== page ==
Former British prime minister Tony Blair will definitely not be attending the funeral of the Sinn Fein leader he considers vital to realising one of his own “greatest achievements”.
A number of media reports have suggested the ex-Labour leader would be in Derry today to pay his respects to Martin McGuinness – the pair having worked closely during the peace process and negotiations leading to the Good Friday Agreement.
However, a spokeswoman for Mr Blair said those reports were compiled “without asking us first whether he would be”.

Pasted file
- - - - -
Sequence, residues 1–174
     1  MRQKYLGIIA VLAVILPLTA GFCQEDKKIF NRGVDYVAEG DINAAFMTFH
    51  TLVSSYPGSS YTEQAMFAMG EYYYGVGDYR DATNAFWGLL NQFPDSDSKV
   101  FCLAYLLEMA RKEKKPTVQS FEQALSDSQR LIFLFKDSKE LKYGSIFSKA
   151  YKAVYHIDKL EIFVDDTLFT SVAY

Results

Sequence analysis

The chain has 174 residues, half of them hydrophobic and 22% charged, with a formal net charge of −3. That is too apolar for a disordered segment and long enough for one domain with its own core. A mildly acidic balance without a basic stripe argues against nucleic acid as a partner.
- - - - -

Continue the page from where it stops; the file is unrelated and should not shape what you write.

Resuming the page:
The spokeswoman said Mr Blair’s staff would have been happy to clarify that he would not be attending if requested to do so, and said that media outlets had “erroneously reported that he would be attending without bothering to check the facts first”.
In a television interview with CNN following the death of the 66-year-old former deputy first minister on Tuesday morning, the presenter suggested the signing of the Good Friday
Agreement was one of Mr Blair’s “greatest achievements,” and asked if it would have been possible without Martin McGuinness.
“No,” he replied.
“Without Martin McGuinness I don’t think it would ever have been possible to conclude the Good Friday Agreement and to have made the peace process work,” Mr Blair added.
The funeral of Mr McGuinness will take place at St Columba’s Long Tower church at 2pm.